The United States Constitution guarantees citizens the right to a speedy trial. The Sixth Amendment to the United States Constitution reads:
In all criminal prosecutions, the accused shall enjoy the right to a speedy and public trial…
The Supreme Court has held that this right to a Speedy Trial applies not just in the federal courts, but in state courts as well.
The problem is that while there is a federal Speedy Trial Act that applies to federal courts, North Carolina does not have its own speedy trial law.
As a consequence, the procedural rights that a defendant has in North Carolina’s state courts to a speedy trial are constitutional rights, not statutory rights.
And because the Supreme Court has consistently refused to impose strict limitations on either the federal or state governments to have a speedy trial, defendants can await trial for years in North Carolina’s state courts.
Part of the reason is that some delays may be for the benefit of the defense. For instance, the defendant may request continuances or delays so that the defendant (or, more likely, his criminal lawyer) has time to prepare for trial. In complicated cases, where experts need to evaluate evidence or interview the defendant for psychological examinations, the delays may be inevitable.
The Supreme Court, in Barker v. Wingo (1972), laid out a four-part test for determining whether the defendant’s Constitutional rights to a speedy trial had been violated.
- Length of Delay: A delay of a year or more from the date on which the speedy trial right “attaches” (the date of arrest or indictment, whichever first occurs) was termed “presumptively prejudicial”, but the Court has never explicitly ruled that any absolute time limit applies.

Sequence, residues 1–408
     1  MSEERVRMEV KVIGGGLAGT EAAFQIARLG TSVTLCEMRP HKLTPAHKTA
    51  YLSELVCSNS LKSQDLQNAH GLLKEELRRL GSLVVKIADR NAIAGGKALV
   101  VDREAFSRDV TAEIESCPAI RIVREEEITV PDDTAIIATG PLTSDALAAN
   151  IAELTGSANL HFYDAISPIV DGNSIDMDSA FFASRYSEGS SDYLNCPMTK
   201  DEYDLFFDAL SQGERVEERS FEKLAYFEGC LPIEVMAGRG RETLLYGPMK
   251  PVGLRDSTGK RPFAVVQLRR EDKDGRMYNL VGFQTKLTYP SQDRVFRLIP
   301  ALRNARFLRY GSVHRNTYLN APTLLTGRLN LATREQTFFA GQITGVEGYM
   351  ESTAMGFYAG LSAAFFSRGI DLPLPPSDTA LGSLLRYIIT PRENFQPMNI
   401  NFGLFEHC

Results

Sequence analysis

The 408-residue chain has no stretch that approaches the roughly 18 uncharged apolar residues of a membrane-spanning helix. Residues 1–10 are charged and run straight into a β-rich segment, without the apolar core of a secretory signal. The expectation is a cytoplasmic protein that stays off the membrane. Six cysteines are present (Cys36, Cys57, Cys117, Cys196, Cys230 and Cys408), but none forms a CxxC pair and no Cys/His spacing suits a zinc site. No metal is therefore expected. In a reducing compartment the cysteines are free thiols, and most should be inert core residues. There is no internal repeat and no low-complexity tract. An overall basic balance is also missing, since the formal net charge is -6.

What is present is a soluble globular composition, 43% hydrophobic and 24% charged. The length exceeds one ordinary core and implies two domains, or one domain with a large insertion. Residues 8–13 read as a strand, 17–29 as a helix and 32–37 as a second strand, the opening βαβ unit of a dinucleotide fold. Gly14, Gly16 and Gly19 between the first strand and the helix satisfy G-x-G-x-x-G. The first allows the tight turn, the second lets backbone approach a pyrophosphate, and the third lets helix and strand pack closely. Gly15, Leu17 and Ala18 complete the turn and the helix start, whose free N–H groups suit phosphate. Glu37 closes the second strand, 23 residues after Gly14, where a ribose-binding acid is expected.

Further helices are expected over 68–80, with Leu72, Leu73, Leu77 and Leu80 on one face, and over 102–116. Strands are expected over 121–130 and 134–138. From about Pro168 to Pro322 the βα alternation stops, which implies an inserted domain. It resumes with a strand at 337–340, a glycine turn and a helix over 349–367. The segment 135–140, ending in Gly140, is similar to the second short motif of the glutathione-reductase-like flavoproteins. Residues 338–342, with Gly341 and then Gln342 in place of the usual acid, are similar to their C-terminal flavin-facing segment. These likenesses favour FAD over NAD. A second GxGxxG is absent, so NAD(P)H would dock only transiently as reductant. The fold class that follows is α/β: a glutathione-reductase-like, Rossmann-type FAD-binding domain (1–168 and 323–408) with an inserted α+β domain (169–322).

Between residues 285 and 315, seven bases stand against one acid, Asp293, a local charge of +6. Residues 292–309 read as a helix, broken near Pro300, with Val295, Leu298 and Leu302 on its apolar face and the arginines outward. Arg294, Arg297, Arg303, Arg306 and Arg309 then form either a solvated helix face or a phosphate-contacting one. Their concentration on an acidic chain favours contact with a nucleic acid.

- Reason for the delay: The prosecution may not excessively delay the trial for its own advantage, but a trial may be delayed to secure the presence of an absent witness or other practical considerations.
- Time and manner in which the defendant has asserted his right: If a defendant agrees to the delay when it works to his own benefit, he cannot later claim that he has been unduly delayed.
- Degree of prejudice to the defendant which the delay has caused.
An additional problem in Wake County is when the defendant is held in custody during the entire pre-trial period. If no bail can be arranged that the defendant can make, the defendant may find himself or herself waiting in Wake County’s jails for trial. The mental and physical toll that can take can be unpleasant.
In the end, if the defendant has been in jail long enough waiting trial, he may find himself much more willing to take a plea that is actually not a very good plea deal, just to get out of jail. If the plea deal involves state prison time, he may prefer to go to state prison, where, I’m told, the food is better and the privileges to go outside are more likely. If the plea deal amounts to “time served,” he may get out of jail after accepting the plea merely with the conviction in his record.
The result of all this is that the lack of a speedy trial statute in North Carolina makes it much more important to get an attorney involved in your case as early as possible so that you can, if at all possible, get bail conditions set that enable you to spend the pre-trial period at home, working, with your family, and being productive.
If you or a friend or loved one is facing arrest or is in jail, and you don’t have a Raleigh criminal lawyer, call (919) 352-9411 and I can talk to you about strategies that might enable a pre-trial release or favorable bond conditions.